CrossFit owner is SELLING the company weeks after stepping down as CEO
‘It’s time for the founder to bid adieu’: CrossFit owner is SELLING the company after stepping down as CEO over saying ‘We’re not mourning for George Floyd’
- Greg Glassman, founder of CrossFit, has decided to sell the firm to Eric Roza
- This comes two weeks after quitting as CEO following his George Floyd reaction
- Glassman said in a leaked conversation ‘We’re not mourning for George Floyd — I don’t think me or any of my staff are’ and also sent a controversial tweet
- He has also come under fire for allegedly creating a sexist working environment
CrossFit founder and former chief executive Greg Glassman has decided to sell the fitness company to Eric Roza, two weeks after stepping down amid widespread criticism for his reaction to the death of George Floyd.
In leaked remarks earlier this month, Glassman told gym owners: ‘We’re not mourning for George Floyd — I don’t think me or any of my staff are.’ He also sent a tweet that was widely criticized.
He has also come under fire following allegations that Galssman created a sexist working environment and sexually harassed staff.
Roza, a CrossFit athlete and founder of CrossFit Sanitas in Boulder, Colorado, will also become the company’s CEO, he said in a tweet on Wednesday.
In a public statement from Roza addressed to the CrossFit community, he said that he would be working hard to regain the trust of those who have became disillusioned with CrossFit.
He also ackowledged the ‘divisive statements’ and ‘allegations’ surrounding the controversies with Glassman.
Pictured: CrossFit founder and former CEO Greg Glassman, pictured wearing a shirt that reads ‘unbuyable’, has now announced that he will be selling the company as well following a number of controversies
‘My view is simple: Racism and sexism are abhorrent and will not be tolerated in CrossFit,’ Roza wrote. ‘We open our arms to everyone, and I will be working hard to rebuild bridges with those whose trust we have lost.
‘I come to you with deep humility and the realization that we have hard work to do. I am committed to listening, I am committed to learning, and I am committed to leading positive change.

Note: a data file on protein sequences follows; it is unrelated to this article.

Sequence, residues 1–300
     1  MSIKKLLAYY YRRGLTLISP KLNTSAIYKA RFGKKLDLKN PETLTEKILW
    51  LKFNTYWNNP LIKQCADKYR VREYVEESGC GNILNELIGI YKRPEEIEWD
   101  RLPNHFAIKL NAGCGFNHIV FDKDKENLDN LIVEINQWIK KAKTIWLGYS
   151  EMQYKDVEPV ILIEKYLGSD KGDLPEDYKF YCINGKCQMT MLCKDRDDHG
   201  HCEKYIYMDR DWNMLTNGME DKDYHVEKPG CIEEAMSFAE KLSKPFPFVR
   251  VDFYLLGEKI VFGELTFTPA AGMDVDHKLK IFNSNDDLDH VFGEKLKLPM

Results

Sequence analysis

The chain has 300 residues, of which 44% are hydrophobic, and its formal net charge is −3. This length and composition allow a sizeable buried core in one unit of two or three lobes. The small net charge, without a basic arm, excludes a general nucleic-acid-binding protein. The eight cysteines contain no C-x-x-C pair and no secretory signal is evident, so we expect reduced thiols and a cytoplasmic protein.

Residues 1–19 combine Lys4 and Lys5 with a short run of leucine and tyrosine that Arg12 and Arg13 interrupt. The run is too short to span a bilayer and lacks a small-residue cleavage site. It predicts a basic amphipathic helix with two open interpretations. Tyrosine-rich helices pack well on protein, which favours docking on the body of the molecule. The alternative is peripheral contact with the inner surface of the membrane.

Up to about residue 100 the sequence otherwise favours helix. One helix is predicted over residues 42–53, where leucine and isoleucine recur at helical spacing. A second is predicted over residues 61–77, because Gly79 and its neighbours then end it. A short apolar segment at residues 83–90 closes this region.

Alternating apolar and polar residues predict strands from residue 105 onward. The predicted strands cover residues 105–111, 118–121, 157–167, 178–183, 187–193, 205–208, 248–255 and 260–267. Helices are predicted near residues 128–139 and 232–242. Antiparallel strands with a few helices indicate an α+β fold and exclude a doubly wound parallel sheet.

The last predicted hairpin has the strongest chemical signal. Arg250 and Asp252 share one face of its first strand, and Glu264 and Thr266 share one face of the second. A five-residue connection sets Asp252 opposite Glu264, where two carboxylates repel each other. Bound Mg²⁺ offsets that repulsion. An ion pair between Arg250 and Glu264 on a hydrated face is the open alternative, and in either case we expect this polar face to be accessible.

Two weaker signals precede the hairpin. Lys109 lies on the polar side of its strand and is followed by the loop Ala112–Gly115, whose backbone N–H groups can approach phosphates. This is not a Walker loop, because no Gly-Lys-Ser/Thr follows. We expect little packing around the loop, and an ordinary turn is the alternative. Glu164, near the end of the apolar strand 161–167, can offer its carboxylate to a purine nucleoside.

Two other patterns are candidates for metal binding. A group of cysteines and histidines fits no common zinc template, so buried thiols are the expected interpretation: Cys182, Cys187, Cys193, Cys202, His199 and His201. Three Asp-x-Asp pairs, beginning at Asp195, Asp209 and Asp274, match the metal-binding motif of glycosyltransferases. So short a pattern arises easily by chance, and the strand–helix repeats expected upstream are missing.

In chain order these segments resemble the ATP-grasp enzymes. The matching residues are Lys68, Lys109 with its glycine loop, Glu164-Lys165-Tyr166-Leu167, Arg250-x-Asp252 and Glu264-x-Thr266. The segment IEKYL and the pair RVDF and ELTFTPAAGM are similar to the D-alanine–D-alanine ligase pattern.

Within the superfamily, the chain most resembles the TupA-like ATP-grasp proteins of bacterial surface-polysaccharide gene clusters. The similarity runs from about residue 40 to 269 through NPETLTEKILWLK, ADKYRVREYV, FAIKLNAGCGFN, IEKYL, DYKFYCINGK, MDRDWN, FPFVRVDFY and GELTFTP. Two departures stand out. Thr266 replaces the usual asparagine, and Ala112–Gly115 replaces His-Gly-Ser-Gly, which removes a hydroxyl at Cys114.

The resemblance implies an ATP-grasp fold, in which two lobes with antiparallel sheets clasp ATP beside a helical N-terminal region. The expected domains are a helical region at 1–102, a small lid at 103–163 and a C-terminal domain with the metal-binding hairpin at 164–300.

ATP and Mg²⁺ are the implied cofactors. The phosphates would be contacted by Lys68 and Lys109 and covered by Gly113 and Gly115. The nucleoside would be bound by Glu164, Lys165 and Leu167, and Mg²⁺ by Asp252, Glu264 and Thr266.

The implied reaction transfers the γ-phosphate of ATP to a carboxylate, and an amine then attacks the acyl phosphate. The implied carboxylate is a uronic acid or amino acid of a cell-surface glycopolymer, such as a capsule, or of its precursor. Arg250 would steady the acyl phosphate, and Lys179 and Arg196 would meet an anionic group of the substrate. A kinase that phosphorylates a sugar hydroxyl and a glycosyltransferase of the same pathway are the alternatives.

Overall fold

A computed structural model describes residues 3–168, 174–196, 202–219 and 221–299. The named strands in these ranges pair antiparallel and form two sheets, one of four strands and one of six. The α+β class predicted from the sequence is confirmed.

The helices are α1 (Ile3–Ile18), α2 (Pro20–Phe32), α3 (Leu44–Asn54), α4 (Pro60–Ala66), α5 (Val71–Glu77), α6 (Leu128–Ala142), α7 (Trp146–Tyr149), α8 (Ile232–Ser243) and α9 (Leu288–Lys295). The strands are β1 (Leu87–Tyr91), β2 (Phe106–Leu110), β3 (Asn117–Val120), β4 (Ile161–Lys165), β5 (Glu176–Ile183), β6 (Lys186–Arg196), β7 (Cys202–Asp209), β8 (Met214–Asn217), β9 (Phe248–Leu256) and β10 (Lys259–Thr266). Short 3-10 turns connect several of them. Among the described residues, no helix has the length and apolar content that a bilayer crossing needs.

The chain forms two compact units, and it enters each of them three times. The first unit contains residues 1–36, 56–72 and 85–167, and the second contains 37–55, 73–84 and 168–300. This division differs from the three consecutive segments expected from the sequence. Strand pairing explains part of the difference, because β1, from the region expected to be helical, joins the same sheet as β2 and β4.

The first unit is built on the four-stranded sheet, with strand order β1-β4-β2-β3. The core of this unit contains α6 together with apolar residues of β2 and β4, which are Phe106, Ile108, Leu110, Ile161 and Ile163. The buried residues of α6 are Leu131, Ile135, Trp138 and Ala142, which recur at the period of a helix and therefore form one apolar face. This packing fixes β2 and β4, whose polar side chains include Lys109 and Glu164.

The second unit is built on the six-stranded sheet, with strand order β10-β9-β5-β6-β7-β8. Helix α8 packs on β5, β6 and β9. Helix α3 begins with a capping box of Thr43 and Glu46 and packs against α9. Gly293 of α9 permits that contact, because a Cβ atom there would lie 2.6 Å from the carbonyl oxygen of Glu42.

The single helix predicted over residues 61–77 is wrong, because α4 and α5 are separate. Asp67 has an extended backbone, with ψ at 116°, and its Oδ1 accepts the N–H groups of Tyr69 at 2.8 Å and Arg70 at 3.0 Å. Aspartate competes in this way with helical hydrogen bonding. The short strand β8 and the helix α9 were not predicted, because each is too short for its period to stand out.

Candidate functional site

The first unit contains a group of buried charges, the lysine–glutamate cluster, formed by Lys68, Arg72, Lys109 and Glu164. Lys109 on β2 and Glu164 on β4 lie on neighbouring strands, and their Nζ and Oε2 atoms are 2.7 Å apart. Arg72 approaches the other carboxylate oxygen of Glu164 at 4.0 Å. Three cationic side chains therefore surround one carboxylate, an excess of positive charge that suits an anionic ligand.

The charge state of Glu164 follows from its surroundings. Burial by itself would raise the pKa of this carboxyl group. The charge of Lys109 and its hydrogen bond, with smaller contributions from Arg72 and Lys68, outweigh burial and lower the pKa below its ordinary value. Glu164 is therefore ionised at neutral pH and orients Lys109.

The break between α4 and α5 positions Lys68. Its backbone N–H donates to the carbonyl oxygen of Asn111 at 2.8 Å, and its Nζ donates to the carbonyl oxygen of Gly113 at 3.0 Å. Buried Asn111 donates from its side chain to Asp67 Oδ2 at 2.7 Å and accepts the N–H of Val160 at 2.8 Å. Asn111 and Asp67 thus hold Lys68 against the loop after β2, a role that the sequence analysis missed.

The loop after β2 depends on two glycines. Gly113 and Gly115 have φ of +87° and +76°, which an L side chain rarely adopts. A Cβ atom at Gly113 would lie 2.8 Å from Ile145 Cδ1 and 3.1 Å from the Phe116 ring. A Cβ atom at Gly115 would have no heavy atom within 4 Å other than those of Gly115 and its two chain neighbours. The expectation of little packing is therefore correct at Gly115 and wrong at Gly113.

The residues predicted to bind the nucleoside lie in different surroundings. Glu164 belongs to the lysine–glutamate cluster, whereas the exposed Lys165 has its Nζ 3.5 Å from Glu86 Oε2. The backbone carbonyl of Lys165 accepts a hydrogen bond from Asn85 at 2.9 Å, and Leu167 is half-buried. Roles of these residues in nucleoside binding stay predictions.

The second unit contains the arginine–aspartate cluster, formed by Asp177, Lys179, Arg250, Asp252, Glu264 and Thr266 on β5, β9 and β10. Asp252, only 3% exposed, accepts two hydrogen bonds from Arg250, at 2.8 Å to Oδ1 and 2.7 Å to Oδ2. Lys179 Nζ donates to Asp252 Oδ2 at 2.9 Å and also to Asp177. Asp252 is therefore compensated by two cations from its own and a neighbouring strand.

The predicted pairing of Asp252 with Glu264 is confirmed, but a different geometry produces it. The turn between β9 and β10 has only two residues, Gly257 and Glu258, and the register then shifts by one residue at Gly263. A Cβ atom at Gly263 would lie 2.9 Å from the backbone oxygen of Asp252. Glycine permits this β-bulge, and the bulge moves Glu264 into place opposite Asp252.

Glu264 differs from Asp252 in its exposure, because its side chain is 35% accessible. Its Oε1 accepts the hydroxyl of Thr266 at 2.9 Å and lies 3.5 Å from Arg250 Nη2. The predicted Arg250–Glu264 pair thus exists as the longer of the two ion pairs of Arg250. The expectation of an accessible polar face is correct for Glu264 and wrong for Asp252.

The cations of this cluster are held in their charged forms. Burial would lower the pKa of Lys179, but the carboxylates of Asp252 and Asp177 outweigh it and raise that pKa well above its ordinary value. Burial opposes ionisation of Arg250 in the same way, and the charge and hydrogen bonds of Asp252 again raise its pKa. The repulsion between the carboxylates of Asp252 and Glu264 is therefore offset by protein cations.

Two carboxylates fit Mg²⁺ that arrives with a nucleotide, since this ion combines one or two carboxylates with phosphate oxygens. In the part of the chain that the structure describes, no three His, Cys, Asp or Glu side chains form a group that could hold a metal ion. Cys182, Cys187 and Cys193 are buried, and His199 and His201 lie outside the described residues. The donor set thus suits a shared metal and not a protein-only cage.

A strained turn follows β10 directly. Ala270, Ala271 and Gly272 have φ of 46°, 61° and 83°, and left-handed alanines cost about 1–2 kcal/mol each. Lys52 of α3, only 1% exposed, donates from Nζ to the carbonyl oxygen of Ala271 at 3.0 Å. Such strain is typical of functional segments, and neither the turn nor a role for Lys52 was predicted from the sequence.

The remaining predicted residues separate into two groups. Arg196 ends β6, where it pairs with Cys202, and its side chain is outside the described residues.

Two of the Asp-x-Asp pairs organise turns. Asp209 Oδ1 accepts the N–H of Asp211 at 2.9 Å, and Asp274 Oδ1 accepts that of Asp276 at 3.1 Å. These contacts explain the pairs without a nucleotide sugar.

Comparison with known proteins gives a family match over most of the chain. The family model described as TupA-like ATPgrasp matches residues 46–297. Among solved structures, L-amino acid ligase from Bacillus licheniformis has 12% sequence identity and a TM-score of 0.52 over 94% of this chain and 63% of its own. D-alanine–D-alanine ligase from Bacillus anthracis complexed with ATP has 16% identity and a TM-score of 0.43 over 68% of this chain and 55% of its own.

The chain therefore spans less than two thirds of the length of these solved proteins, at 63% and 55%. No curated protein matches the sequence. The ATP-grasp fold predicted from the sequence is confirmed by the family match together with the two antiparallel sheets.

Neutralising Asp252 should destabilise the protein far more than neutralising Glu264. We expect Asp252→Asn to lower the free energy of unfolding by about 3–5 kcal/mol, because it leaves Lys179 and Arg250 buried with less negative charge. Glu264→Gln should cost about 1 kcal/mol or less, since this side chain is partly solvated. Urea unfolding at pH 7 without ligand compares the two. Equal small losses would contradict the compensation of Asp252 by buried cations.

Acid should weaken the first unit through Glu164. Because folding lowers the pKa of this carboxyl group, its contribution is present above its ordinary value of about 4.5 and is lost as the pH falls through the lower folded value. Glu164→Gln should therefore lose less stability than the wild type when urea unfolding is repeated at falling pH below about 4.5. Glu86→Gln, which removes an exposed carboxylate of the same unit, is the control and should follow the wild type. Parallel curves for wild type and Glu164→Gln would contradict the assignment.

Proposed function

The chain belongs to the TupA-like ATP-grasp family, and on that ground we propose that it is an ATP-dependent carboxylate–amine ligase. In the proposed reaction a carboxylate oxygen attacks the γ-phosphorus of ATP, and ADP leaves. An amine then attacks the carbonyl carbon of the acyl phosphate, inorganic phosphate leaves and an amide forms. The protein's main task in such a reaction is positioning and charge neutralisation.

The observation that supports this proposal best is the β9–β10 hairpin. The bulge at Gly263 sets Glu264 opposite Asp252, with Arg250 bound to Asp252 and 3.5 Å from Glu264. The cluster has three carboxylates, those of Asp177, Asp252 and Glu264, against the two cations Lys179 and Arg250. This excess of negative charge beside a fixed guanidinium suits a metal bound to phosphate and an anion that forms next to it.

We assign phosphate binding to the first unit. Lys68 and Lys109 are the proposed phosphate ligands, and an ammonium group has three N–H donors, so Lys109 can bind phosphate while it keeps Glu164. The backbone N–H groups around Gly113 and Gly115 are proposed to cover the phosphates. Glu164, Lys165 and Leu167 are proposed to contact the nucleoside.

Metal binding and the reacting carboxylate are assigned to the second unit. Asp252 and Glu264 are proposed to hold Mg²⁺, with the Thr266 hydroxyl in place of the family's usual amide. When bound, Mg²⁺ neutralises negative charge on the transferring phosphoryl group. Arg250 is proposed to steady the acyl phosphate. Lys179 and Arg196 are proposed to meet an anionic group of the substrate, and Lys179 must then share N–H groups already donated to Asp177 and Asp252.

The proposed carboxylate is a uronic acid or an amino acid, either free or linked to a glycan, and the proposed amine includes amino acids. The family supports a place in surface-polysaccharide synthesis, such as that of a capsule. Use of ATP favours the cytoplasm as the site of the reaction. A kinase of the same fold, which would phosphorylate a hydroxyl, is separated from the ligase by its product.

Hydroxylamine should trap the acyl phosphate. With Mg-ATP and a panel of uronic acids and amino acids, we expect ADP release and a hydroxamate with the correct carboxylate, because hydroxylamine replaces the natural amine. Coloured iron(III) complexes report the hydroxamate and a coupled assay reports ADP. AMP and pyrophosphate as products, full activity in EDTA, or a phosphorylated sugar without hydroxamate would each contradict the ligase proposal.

‘Most of all, I am committed to CrossFit and to you, as a member of our community.’
Roza is also on the broad of several companies, including mental health startup SonderMind and wealth-management firm Crestone Capital, according to his LinkedIn profile.
In a Tweet citing Glassman, CrossFit wrote: ‘It is time for the founder to bid adieu.
‘I started a company with some essential and elegant truths that nobody could, or maybe would, tell. It resulted in the fastest growing chain in world history. It did so well and became so popular that it has become a thing far larger than I could have hoped.’
CrossFit did not immediately respond to Reuters request for comment. Reuters could not reach Glassman for a comment.
The founder-CEO faced a lot of flak for his controversial tweet, which also resulted in Adidas AG-owned Reebok ending its 10-year-old partnership with CrossFit.
Glassman had then apologized and announced his decision to step down.
CrossFit CEO Greg Glassman, pictured, resigned after his controversial remarks on a Zoom call with gym owners about the death of George Floyd were leaked
In a statement from Eric Roza, who is buying the company from Greg Glassman, he said that he will be working hard to regain the trust of those who became disillusioned with CrossFit during Glassman’s ownership
Glassman came under fire for his leaked reaction to the death of George Floyd, a Black man who died at the hands of police officers in Minneapolis after a white police officer knelt on his neck for more than eight minutes on May 25 sparking nation-wide outrage.
In leaked remarks earlier this month, Glassman told gym owners: ‘We’re not mourning for George Floyd — I don’t think me or any of my staff are.’
‘Can you tell me why I should mourn for him? Other than that it’s the white thing to do — other than that, give me another reason,’ he asked a Minneapolis gym owner who had questioned why the brand hadn’t posted a statement supporting Black Lives Matter.